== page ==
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American Airlines cancels roughly 1,200 weekend flights, citing weather and staffing issues

Pilot and flight attendant availability were listed as reasons for most cancellations Saturday and Sunday, according to internal tallies seen by CNBC.
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American Airlines Boeing 737 Max aircraft in 2019. Joe Raedle / Getty Images file

American Airlines has canceled more than 1,500 flights since Friday over disruptions it blamed on staffing problems and high winds at its busiest hub.

American canceled some 340 flights on Friday and 543 flights, or 20% of its schedule, on Saturday, according to flight-tracking site FlightAware. Dallas-based Southwest Airlines cut 86 flights, or 2 percent of its Saturday operation.

American said in a statement to NBC News that it cancelled an addition 630 flights by early Sunday. Dallas-based Southwest Airlines cut 185 flights, or an estimated 5 percent of its Sunday operations.

One video shared on Twitter from an airport in Charlotte, North Carolina, showed passengers waiting in a lengthy line, saying American Airlines needed to "give their customer service agents in Charlotte a raise."

The airlines Twitter account has responded to dozens of upset customers, some complaining at the lack of service and others just expressing anger over having multiple flights cancelled.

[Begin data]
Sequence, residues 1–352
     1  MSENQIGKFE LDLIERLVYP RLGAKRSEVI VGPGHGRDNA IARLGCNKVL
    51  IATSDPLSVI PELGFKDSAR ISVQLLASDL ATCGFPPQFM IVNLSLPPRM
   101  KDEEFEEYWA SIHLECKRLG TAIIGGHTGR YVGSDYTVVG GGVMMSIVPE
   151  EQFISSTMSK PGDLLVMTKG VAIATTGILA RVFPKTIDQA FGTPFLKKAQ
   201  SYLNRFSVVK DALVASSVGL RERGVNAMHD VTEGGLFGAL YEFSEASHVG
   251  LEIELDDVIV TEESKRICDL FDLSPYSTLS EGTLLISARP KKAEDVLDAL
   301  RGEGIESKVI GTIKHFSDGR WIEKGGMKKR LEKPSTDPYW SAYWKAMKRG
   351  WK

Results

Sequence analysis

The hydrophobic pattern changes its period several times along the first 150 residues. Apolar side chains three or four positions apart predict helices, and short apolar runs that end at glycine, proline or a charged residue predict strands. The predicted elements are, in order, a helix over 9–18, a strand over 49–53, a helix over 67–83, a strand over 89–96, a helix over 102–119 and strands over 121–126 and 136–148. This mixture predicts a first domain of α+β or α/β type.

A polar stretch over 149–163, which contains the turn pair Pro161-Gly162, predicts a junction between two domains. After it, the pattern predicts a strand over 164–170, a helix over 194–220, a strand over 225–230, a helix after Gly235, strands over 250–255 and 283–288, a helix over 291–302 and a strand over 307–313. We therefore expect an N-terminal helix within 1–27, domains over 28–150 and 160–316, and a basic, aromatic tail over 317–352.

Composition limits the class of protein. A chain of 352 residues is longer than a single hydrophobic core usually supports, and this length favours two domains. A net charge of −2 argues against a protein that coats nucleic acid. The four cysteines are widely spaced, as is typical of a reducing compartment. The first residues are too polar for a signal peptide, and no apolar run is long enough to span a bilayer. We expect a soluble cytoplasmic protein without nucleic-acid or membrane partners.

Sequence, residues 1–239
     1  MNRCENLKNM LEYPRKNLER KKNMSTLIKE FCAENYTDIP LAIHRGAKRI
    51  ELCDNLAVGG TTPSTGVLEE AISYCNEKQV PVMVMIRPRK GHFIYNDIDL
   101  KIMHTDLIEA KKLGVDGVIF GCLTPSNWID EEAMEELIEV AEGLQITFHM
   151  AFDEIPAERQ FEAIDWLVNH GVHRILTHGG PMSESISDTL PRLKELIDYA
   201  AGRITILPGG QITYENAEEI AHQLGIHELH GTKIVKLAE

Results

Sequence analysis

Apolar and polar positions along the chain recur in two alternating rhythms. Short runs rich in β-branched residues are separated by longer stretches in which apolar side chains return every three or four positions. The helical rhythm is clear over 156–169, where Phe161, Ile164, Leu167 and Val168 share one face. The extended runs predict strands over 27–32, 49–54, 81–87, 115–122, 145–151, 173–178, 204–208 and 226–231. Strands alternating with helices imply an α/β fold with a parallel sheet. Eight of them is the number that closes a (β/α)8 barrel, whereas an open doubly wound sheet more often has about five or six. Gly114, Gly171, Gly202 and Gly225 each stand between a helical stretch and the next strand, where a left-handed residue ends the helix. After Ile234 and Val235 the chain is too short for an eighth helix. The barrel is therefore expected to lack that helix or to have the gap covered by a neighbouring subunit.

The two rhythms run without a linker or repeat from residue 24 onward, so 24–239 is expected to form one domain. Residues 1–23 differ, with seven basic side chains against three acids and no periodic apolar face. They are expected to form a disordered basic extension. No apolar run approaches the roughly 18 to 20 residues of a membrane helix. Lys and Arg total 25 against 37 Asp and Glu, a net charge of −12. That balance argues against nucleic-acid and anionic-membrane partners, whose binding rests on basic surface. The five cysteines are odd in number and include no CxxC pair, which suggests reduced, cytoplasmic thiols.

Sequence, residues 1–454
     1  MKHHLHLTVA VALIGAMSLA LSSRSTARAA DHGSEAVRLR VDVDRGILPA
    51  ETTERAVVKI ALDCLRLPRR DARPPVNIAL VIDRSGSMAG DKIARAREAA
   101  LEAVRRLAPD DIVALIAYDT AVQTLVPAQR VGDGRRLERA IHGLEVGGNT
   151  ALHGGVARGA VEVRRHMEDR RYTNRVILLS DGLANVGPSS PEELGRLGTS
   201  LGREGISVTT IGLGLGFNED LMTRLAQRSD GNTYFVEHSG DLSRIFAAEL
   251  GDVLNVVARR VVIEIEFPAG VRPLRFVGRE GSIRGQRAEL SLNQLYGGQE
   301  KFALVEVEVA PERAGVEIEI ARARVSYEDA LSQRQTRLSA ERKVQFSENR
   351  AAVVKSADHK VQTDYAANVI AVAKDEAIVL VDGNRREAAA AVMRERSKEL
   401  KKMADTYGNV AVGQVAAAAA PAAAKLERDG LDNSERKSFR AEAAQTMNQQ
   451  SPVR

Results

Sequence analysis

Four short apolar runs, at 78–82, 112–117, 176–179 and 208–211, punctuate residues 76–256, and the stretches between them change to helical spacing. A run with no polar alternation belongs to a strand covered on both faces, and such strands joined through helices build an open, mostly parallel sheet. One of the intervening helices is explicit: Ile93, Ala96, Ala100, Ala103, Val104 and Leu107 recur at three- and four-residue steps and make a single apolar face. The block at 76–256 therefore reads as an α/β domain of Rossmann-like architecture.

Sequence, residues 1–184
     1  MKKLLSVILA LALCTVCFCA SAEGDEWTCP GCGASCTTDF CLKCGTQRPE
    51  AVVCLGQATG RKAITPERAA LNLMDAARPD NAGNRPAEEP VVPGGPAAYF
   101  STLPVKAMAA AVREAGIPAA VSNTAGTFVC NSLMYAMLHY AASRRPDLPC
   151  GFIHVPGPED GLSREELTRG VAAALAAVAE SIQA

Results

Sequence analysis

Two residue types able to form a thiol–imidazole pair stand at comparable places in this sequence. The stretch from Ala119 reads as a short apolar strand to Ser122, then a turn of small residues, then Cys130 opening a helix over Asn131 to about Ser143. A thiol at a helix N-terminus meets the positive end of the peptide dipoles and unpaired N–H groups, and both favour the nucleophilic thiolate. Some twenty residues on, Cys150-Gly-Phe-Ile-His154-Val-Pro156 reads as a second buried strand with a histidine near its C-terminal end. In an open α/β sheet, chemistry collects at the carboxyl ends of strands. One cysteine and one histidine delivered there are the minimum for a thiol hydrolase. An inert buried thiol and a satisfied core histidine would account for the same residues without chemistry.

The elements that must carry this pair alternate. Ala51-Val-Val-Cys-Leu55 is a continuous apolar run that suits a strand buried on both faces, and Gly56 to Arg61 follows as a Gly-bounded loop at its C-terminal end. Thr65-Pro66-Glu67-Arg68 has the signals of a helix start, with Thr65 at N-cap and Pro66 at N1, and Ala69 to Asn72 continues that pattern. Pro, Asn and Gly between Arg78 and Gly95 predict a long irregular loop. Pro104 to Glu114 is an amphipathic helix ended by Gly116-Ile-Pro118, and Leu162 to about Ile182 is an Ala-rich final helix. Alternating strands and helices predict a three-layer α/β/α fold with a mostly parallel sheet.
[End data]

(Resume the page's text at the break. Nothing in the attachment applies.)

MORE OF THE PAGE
American’s COO David Seymour said in a staff note on Saturday that the problems started with high wind gusts on Thursday that cut capacity at its Dallas/Fort Worth International Airport hub and that crew members ended up out of position for their next flights.

Pilot and flight attendant availability were listed as reasons for most of the cancellations on Saturday and Sunday, according to internal tallies, which were seen by CNBC.

“With additional weather throughout the system, our staffing begins to run tight as crew members end up out of their regular flight sequences,” Seymour wrote. He said that most customers were rebooked the same day and that he expects the operation to stabilize in November.

Airlines have struggled with staffing shortfalls that have sparked hundreds of flight cancellations and other disruptions since travel demand rebounded sharply in late spring. Carriers had convinced thousands of staff members to accept voluntary buyouts or leaves of absence to cut their payroll expenses during the depths of the pandemic.

Now they are trying to staff up again, hiring pilots, flight attendants, ramp and customer service workers, and others. Leaner staffing makes it harder for airlines to recover from disruptions like bad weather or technology problems.

Southwest earlier this month said that a meltdown earlier this month in which it canceled more than 2,000 flights cost it $75 million. It also said it would further trim its remaining 2021 schedule after earlier cuts to avoid more disruptions.

American Airlines’ Seymour said that 1,800 flight attendants would be returning from leave starting Nov. 1 and that the rest would be back by December. It said it also is in the process of hiring pilots, mechanics, airport workers and reservations agents “so more team members will be in place for the holiday season.”